New Delhi: The government's public debt in the September-December quarter increased by 3.2 per cent to Rs 33,82,645 crore over the previous three-month period mainly due to higher borrowings.
The public debt at the end of September quarter was Rs 32,76,368 crore.
"This represented a Quarter-on-Quarter increase of 3.2 per cent (provisional) compared with an increase of 4.7 percent in the previous quarter," the data released by Finance
Ministry today said.
Internal debt constituted 89.9 per cent of public debt, compared with 89.6 per cent at the end of the second quarter.
"The outstanding internal debt of the Government at Rs 30,41,895 crore constituted 33.9 per cent of GDP compared with 32.7 per cent at end-September 2011," it added.
The market borrowings through dated securities increased during the second half of the fiscal by Rs 52,872 crore against the budget estimates, in view of shortfall in other financing items.
On a review of the Government’s overall financing requirements, the borrowings programme was increased further by Rs 40,000 crore, resulting in a total increase of Rs 92,872 crore during this fiscal.
Marketable securities, consisting of rupee denominated dated securities and treasury bills/cash management bills, accounted for 79.1 per cent of total public debt during the period ending December compared with 78.4 per cent at end-September 2011.
As at end of December 2011, the proportion of debt maturing in less than one year declined to 3.7 per cent from 4.3 per cent a quarter ago, while debt maturing within 1-5 years came down to 25.3 per cent from 26.7 per cent at end-September 2011.
The 10-year bond yield increased from 8.44 per cent at end-September 2011 to 8.54 per cent at end-December 2011.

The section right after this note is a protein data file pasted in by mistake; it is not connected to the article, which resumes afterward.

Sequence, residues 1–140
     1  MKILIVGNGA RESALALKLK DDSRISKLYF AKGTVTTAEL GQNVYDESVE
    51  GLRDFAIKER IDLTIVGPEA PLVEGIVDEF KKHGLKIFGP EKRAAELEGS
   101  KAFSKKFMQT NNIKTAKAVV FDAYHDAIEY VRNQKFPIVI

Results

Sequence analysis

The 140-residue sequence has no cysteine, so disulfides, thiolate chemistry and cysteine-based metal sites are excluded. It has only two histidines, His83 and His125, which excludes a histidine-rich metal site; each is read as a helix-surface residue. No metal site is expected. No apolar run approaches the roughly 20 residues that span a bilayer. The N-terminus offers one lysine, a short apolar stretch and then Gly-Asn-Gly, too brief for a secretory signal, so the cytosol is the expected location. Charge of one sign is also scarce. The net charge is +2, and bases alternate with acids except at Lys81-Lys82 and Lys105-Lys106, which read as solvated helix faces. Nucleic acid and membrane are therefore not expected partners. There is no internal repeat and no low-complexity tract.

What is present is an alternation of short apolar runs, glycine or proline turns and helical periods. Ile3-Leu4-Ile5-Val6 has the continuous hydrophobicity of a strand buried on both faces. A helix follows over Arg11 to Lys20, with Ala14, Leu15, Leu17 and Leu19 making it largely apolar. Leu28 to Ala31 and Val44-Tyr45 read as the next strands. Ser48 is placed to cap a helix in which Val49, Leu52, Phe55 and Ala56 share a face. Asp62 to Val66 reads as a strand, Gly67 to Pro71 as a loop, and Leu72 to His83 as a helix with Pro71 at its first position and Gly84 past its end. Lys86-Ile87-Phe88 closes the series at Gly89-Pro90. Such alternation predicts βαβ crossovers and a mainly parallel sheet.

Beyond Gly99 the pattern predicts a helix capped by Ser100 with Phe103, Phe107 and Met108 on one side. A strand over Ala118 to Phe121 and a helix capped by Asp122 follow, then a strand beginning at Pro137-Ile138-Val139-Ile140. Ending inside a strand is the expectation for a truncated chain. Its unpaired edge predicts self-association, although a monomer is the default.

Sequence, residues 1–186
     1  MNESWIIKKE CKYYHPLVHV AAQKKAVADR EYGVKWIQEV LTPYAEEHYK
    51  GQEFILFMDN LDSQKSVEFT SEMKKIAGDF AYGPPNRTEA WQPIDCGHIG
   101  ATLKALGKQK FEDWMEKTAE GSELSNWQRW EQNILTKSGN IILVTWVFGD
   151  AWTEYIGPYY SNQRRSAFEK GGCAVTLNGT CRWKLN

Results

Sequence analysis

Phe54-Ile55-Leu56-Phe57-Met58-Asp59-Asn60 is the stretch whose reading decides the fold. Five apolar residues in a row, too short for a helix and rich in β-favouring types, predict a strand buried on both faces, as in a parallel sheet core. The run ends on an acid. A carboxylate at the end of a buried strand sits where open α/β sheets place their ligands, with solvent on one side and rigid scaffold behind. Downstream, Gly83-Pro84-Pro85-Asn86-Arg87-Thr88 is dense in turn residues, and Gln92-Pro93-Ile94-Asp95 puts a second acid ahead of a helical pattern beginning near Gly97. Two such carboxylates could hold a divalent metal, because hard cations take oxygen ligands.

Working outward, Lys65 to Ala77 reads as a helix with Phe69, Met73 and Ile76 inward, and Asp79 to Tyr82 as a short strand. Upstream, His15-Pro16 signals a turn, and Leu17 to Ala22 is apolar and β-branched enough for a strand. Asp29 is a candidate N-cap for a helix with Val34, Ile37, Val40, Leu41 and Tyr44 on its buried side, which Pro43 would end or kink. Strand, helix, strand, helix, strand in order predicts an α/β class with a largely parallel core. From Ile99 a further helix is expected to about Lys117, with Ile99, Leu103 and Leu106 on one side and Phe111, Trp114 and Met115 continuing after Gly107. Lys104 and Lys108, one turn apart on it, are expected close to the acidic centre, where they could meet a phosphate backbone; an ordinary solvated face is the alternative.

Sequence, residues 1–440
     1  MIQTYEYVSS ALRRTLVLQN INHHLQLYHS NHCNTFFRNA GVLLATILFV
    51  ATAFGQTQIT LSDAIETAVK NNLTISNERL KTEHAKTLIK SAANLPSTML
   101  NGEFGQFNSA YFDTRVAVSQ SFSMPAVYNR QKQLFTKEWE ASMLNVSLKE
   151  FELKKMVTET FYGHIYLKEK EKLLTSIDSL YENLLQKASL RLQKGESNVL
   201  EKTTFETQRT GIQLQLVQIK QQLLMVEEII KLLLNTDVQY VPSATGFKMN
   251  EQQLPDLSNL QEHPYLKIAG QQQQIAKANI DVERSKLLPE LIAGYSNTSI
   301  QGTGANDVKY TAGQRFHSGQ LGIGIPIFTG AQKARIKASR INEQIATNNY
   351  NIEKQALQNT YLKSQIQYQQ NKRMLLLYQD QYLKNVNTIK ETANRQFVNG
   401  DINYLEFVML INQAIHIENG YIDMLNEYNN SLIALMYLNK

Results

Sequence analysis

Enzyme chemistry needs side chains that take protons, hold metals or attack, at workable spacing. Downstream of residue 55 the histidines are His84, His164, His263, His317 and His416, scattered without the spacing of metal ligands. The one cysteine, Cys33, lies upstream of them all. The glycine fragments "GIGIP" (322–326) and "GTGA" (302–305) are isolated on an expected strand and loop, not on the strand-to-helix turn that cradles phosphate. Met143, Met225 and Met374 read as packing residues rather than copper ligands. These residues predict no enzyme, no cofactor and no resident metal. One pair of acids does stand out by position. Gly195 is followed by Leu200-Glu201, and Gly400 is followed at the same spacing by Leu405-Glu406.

"The yields went up sharply during the quarter due to policy rate hike of 25 bps by the Reserve Bank on October 25 as well as supply concerns," the ministry added.

The ministry further said liquidity conditions in the economy remained generally tight during the December quarter and the RBI continued to provide liquidity through its Liquidity Adjustment Facility (LAF).
The ministry also said that the fiscal outcome during April-December of the financial year indicates that all the key deficit indicators as percentage of budget estimates (BE) for 2011-12 were higher year-on-year because of lower revenue collections both from tax and non-tax sources.
Gross tax collections during the period at 63.5 per cent of BE were lower than 70.7 per cent a year ago. Non-tax revenue at 62.2 per cent of BE was lower than previous year mainly reflecting the impact of telecom receipts in 2010-11.
However, total expenditure as per cent of BE at 71.3 per cent during April-December 2011 was broadly similar to 71.0 per cent year-on-year.
Thus, revenue deficit and gross fiscal deficit during April-December 2011 at 93.1 percent and 92.3 percent of BE, were higher, mainly reflecting the impact of large refunds under directs taxes early this year and higher telecom receipts in the previous year.